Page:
2. On the reverse of what we have just mentioned. If you see an account that is long overdue for settling, don’t argue with God, don’t fret with God and don’t question God in his not dealing with the person. God knows what is best in every situation and may desire to allow something to go on longer than you think He should. He Is The Settler Of All Accounts, As Well As The Settler Of All Accounts, When He Is Ready To Settle Them.
3. I can relax in my own confidence that if I have truly sought God’s will and have truly attempted to the best of my knowledge to do right, that God will be the one that will show me up to be right or wrong.
There is nothing that any person can say that should shake me or cause me concern. When we all gather round, He will be the one that sets all records straight.
This is probably one of the great lessons of the book of Job. He was faced with several very intelligent, spiritual men who knew what his problem was. They felt free to tell him as well. Indeed, you will have those that will tell you in what area you have erred. God will set them straight when the time comes.
Job in the end was justified and all knew that he had done nothing wrong to deserve such troubles. There may be times when people become very vicious in their attacks upon you — relax and know that you have done correctly and that God will do correctly at His appointed time.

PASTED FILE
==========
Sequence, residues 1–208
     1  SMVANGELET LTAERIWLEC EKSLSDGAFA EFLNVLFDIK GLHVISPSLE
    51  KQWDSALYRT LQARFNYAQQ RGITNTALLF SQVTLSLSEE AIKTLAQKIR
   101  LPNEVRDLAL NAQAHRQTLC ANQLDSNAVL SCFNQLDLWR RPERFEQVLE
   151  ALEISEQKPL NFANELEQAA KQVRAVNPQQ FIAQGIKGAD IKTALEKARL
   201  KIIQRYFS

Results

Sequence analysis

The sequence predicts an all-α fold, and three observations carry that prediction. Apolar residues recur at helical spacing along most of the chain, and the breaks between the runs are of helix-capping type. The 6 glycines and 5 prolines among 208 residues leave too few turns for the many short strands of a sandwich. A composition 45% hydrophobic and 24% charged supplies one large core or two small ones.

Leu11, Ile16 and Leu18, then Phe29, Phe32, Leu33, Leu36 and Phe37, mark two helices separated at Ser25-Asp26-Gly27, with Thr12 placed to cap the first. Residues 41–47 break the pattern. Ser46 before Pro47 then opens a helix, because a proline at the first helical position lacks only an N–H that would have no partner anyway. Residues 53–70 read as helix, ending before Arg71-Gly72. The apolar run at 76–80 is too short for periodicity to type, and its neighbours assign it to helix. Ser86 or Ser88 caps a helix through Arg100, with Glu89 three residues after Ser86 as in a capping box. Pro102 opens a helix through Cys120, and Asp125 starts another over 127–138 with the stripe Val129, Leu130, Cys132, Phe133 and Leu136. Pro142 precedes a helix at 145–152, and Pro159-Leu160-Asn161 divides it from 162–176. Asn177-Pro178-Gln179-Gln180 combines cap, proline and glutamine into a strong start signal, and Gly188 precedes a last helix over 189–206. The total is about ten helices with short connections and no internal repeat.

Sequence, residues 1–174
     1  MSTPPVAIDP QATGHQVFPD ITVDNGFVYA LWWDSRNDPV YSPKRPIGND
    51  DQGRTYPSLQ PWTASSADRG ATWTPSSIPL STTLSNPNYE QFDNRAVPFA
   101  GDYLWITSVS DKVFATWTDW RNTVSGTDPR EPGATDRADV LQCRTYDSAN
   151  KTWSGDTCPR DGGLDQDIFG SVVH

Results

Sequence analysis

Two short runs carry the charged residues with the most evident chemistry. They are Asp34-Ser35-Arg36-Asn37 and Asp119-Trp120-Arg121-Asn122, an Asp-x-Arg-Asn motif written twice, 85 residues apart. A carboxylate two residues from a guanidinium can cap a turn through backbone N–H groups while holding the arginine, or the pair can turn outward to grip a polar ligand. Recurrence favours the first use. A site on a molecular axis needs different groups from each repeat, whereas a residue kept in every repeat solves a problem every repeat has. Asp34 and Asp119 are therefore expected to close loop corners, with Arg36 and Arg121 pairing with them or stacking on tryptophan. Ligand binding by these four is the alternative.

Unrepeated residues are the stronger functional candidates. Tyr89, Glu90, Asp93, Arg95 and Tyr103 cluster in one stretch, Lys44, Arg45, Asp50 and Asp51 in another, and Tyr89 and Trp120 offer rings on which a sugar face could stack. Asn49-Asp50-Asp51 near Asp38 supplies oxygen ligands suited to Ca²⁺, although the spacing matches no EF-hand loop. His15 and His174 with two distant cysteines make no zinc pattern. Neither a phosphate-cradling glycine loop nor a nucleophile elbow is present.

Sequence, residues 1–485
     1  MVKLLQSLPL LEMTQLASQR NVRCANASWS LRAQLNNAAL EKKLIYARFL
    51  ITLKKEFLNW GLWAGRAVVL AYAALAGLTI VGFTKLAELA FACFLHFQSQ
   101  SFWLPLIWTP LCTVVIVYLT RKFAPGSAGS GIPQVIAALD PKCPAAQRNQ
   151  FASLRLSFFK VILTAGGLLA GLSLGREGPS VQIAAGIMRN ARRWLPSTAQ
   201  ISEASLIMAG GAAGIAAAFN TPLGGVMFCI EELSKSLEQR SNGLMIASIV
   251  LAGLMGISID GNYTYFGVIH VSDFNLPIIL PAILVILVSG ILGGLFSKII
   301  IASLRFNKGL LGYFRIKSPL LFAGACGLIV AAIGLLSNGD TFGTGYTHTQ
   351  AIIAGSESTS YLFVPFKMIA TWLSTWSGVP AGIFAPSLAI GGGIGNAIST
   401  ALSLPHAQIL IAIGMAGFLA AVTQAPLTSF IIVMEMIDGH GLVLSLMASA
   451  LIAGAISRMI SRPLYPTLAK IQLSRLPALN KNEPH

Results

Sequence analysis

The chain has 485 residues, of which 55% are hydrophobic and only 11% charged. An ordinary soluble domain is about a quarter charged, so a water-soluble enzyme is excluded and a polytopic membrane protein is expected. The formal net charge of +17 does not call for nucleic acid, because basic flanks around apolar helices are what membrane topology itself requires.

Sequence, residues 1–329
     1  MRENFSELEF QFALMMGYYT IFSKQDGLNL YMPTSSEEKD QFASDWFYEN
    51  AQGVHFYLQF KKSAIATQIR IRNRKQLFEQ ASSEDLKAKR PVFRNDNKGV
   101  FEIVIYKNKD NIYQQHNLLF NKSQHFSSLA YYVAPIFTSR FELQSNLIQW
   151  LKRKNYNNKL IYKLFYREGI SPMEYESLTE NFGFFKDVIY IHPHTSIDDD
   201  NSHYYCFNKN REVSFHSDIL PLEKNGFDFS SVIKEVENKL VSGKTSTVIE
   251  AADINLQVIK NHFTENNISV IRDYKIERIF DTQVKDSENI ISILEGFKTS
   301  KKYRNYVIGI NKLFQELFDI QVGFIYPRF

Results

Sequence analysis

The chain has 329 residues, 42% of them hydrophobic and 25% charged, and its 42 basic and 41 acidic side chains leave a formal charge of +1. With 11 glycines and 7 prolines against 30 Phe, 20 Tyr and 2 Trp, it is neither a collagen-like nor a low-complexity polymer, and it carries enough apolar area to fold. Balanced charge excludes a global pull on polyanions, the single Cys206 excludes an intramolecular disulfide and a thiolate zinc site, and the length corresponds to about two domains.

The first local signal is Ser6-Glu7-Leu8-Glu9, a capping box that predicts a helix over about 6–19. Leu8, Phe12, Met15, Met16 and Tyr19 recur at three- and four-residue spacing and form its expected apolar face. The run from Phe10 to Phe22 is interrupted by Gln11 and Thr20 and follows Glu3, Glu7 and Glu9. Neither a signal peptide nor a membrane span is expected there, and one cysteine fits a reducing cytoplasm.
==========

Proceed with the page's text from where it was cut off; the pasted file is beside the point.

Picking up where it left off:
A pastor in California told me of a man in his church that was very opposed to the pastor. He thought the pastor was wrong and that God wanted the pastor to leave. The man worked in the church as hard as he could to move the congregation to ask for the pastor’s resignation. He finally was satisfied when the pastor, in total frustration over the unresponsiveness of the congregation, resigned. I arrived at the church the night of the pastor’s going away party. The man in question unloaded his burden on me and admitted that he had been wrong. He had, since the pastor’s resignation, tried to convince the congregation that they really did need the pastor. It was too late and the damage was done. The pastor left.
The point? That pastor does not need to worry and relive that man’s wrong. That pastor needs only to allow the Lord to settle the accounts. Indeed, the man had already settled with the Lord through confession and forgiveness, though he may suffer loss of reward for that period of his life.
4. In looking through these many attributes of the Lord, I have been time and time again impressed with the idea that all His attributes function so smoothly together. For example his holiness meshes well with His justice to bring about the punishment of those that sin.
Tozer makes a point that is very important and it is in relation to this line of thinking. “God’s being is unitary; it is not composed of a number of parts working harmoniously, but simply one.” (Tozer, A.W.; “The Knowledge Of The Holy”; Lincoln, NE: Back to the Bible, 1961, p 94) His attributes are not a list of characteristics that work harmoniously together but His very nature is the sum and substance of all these attributes.
His attributes are not separable, but are a unit.
 Stanley L. Derickson Ph.D. B.A. (n.d.). DERICKSON’S NOTES ON THEOLOGY: A STUDY BOOK IN THEOLOGY.